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Old 11-09-2017, 05:27 PM   #1
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Default Help to ID blockage material

Background: We live in a rural area with a septic system. The standing rule is NOTHING solid goes down the drain, period.
We have an island sink in addition to the kitchen sink. About two or three years into our new home water backed up and spilled out of the island sink vent while the kitchen sink was being drained, so I knew the source of blockage was downstream of the "Y" where both come together. I got a manual cable snake and out came a white,viscous, granular grease like material---almost like shortening, but with no odor. Very strange, I thought, but probably easy to manage. So I initiated a PM program at the end of every month when we crank up the hot water heater and run a couple of sinks of hot water down the pipes to keep things moving. That worked for probably 6-7 years, until now.
During last weekend's maintenance the island sink vent overflowed which surprised me. I ran the clean out cable down and hit something just downstream of the "Y" for both sinks. Once I thought I had dislodged the obstruction I ran hot water and monitored the outside clean out and caught these pieces of solid material on their way out. My wife's first reaction was that is was dishwasher soap powder, but I find it difficult to believe that in the wet confines of a drainage line powder would dehydrate back into a solid. The material is homogenous, if you break it open it is a solid, white, chalk like material with no organics or others embedded in it. If you assemble these pieces they form a perfect 2" cylinder. The ID of the blockage material is pockmarked with numerous small craters which is indicative of erosion, not deposition. Further the ID of the build up is coated with black slime, which I think would not be conducive to additional deposition. This would almost lead me to believe that this was possibly there when the home was built, but I don't know how I could have missed it the first time. If it was subsequent to our move in I want to identify the root cause to prevent it in the future. Any comments or ideas, anyone? Thanks!
Michael Arvanetakis
Cypress, TX

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Old 11-09-2017, 07:24 PM   #2
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Kitchen sink... its grease years of it and everything else that went down that drain

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Old 11-09-2017, 08:18 PM   #3
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Thanks, but we do not run any grease or oil down the sink---standing house rule! And it is a brittle, solid, chalk like substance---it is not a semi-solid. It crumbles when crushed. Can't find any fibrous material in it, so it isn't paper or cloth lint. Also: All the pieces retrieved were about the same length, indicating the original obstruction was apparently clearly defined in a limited space.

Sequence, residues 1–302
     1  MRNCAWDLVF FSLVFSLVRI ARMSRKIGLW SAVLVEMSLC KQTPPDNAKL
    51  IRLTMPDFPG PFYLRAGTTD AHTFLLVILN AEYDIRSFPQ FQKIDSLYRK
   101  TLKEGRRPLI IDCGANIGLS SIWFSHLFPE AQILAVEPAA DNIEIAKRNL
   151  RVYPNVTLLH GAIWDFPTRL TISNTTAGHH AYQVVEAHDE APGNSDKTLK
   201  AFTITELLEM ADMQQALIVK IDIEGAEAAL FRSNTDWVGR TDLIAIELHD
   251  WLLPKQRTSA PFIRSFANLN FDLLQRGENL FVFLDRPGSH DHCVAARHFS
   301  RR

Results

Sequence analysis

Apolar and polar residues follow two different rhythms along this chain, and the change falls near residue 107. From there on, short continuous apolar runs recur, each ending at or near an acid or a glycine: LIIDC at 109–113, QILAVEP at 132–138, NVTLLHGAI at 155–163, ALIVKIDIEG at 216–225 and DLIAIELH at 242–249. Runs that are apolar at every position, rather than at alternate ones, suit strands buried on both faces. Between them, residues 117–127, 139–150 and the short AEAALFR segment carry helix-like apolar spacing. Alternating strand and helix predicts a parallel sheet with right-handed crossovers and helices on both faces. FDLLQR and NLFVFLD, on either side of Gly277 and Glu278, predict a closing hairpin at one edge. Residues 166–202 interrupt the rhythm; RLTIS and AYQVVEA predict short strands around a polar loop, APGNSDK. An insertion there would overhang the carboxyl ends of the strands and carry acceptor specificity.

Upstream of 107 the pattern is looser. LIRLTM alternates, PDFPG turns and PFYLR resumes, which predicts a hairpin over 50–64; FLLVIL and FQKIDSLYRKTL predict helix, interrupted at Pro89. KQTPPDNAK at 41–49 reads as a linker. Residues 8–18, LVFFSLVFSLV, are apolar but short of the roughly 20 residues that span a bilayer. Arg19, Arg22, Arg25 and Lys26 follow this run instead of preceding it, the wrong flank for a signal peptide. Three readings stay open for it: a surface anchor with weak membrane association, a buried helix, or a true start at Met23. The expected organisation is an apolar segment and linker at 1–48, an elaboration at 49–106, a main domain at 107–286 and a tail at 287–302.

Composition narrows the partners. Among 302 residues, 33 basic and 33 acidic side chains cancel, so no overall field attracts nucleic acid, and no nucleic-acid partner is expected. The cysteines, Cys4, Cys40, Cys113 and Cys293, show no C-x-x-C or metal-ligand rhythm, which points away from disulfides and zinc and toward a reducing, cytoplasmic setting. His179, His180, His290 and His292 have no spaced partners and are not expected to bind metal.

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Old 11-13-2017, 08:22 PM   #4
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Do you use your kitchen sink or dishwasher to wash dishes? Then yes, you put grease down the drain. Most people know better these days than to just dump your food and grease down the drain, but there's still residue on your dishes, it adds up over time, it's there.

From what you've described, it fits the bill for kitchen sink grease perfectly. The powdered dishwasher detergent could also be a factor, since once that gets a chance to sit it wants to go back to a solid state. The liquid packs do not do this. This is why I've eliminated bar soaps and powdered detergents from our household.
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Old 11-14-2017, 02:05 AM   #5
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I think Matt is pretty accurate in his explanation.

You would not believe how many times I have heard " We don't put any solids or grease down the drain. But yet I'm there snaking it out.
being on a septic is probably wise avoiding solids, but I tell my customers not on septic to use the disposal with moderation. Like when the doctor tells you to eat more fiber. The solids help wipe of the oils and sticky residue.
Ever try to take a shower with out rubbing yourself. Standing in a shower with just the water running over you doesn't work very well. or just washing your hands. you have to rub them to get them clean.
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Old 11-14-2017, 12:59 PM   #6
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Voletl, Matt and David thanks for your comments and points well made. Matt, you have made some good points and we are going to liquid detergent for the dishwasher. Thanks all!

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